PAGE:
Great book for people who love seeing how things work.
Comment Was this review helpful to you? Yes No Sending feedback...
Thank you for your feedback. If this review is inappropriate, please let us know.
Sorry, we failed to record your vote. Please try again
1 of 1 people found the following review helpful By Jane Athanus on June 14, 2015
Format: Hardcover Verified Purchase
Absolutely loved these books.I plan on getting these Biesty books for my grandnieces and grandnephews for special days.They are so informative and interesting. Anyone can learn from these.
1 Comment Was this review helpful to you? Yes No Sending feedback...
Thank you for your feedback. If this review is inappropriate, please let us know.
Sorry, we failed to record your vote. Please try again
1 of 1 people found the following review helpful By A Customer on October 17, 2001
Format: Hardcover
This is a great book. Its full good info, great drawings and over all fun for all ages. Younger kids might have trouble seeing how the draws go back together on a few.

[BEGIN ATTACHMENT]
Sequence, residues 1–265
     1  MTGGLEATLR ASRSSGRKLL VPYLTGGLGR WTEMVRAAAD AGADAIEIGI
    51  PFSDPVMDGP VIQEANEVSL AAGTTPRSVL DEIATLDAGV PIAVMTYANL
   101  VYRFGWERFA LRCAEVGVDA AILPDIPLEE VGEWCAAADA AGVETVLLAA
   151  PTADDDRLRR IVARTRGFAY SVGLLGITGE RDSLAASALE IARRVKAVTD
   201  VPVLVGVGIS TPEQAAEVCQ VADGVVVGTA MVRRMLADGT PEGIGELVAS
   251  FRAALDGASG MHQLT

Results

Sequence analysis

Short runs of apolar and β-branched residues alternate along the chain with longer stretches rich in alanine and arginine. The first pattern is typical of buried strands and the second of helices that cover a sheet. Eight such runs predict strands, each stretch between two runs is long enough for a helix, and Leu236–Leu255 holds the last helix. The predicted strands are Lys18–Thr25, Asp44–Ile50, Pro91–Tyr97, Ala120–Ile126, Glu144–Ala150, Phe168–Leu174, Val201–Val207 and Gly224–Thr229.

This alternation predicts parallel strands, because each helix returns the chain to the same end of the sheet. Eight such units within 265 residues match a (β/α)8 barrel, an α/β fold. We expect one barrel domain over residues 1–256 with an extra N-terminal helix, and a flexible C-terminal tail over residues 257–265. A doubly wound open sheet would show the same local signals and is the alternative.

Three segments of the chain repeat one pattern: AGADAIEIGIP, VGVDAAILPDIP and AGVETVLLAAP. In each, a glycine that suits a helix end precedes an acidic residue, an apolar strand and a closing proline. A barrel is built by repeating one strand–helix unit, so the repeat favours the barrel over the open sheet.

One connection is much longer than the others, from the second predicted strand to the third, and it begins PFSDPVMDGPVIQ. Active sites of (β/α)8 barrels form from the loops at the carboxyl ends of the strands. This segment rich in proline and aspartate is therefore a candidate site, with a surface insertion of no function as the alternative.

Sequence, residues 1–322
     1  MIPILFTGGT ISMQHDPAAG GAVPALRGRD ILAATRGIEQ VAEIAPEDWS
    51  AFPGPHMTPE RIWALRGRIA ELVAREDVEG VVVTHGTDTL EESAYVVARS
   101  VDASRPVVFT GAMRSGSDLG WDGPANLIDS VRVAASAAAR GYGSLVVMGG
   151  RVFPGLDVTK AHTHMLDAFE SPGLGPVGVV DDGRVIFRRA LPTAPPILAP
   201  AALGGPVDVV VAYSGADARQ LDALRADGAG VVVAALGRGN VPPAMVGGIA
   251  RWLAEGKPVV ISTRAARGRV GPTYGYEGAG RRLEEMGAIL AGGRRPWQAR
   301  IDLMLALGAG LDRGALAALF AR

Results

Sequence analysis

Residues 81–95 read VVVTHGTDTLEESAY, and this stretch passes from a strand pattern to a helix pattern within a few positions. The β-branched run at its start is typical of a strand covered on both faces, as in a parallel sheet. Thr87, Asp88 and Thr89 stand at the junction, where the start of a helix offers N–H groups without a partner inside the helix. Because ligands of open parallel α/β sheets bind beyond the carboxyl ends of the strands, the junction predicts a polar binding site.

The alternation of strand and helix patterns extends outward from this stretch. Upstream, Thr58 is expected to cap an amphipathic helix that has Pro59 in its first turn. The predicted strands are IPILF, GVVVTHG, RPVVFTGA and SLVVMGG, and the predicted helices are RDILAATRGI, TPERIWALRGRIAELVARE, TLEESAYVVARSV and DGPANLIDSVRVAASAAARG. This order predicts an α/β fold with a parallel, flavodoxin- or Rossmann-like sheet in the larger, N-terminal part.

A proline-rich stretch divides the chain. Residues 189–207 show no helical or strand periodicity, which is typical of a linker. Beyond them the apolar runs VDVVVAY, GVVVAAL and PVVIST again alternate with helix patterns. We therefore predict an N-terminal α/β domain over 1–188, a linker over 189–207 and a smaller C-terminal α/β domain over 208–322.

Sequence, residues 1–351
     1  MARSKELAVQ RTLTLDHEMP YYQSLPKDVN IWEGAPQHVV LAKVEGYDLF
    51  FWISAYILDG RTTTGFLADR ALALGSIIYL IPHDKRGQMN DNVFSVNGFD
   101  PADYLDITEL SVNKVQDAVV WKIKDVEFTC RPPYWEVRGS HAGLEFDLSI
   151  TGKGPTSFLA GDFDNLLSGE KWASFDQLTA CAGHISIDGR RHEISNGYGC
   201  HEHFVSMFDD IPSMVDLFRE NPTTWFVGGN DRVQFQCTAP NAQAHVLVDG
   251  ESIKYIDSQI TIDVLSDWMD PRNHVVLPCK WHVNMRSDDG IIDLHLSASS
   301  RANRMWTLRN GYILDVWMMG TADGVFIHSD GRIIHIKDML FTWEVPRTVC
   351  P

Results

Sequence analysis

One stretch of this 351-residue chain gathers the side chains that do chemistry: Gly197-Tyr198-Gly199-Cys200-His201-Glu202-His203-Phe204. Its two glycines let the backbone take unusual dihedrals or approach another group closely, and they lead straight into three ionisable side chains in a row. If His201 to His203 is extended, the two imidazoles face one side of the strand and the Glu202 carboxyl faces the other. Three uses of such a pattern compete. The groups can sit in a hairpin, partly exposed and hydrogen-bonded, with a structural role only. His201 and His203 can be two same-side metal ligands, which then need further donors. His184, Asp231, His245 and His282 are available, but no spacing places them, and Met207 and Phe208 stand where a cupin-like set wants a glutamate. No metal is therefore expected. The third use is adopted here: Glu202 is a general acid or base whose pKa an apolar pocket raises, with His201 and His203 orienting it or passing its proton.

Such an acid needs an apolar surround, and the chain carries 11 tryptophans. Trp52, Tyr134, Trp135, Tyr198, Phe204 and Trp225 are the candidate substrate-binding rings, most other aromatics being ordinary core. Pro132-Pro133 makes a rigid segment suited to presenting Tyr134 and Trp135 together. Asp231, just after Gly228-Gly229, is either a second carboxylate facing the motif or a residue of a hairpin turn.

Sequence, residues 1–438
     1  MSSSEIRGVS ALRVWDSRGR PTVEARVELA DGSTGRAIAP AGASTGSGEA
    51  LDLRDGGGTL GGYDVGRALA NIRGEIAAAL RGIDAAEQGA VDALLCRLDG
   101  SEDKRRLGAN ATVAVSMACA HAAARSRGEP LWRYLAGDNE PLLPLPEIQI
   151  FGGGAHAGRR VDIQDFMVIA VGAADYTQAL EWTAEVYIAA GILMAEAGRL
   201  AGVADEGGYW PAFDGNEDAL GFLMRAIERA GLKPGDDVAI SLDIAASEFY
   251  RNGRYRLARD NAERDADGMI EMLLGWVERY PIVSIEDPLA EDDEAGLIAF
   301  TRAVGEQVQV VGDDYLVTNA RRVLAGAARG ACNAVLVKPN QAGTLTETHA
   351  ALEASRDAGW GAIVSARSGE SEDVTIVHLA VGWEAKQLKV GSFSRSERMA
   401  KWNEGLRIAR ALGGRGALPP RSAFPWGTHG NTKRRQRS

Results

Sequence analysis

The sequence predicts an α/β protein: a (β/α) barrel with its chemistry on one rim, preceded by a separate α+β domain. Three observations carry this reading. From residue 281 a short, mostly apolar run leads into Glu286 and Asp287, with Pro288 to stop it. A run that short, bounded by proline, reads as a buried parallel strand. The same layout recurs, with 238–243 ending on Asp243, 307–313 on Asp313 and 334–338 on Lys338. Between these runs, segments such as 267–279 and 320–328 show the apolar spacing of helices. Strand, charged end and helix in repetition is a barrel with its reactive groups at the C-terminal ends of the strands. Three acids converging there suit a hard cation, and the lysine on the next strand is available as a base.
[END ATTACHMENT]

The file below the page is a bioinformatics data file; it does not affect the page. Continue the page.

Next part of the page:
Comment Was this review helpful to you? Yes No Sending feedback...
Thank you for your feedback. If this review is inappropriate, please let us know.
Sorry, we failed to record your vote. Please try again
By Daryl Carpenter on October 22, 2014
Format: Hardcover
I remember begging my mom to buy me a copy of this book when it first came out, and I'm not ashamed to admit that I just bought my third copy of it a few months back. This book pretty much single-highhandedly started my lifelong fascination with cross-section artwork and discovering the inner workings of buildings and machines. Each of the 18 illustrations featured in this book is big, incredibly detailed, historically and technically accurate, and loaded with little human vignettes that bring them to life. Stephen Biesty set a standard for this type of artwork that hasn't been matched since, and he isn't afraid to show the reality of life under difficult circumstances, or to depict politically incorrect subjects such as a Soviet T-34 tank or a World War II German U-boat. This is really the ultimate children's book for boys; the subjects depicted range from a medieval castle, to a Boeing 747, to a modern day oil rig.

All of Biesty's work is worth owning, but even if this was his only book, I would still consider him one of the great children's book illustrators.
Comment Was this review helpful to you? Yes No Sending feedback...
Thank you for your feedback. If this review is inappropriate, please let us know.
Sorry, we failed to record your vote. Please try again

Most Recent Customer Reviews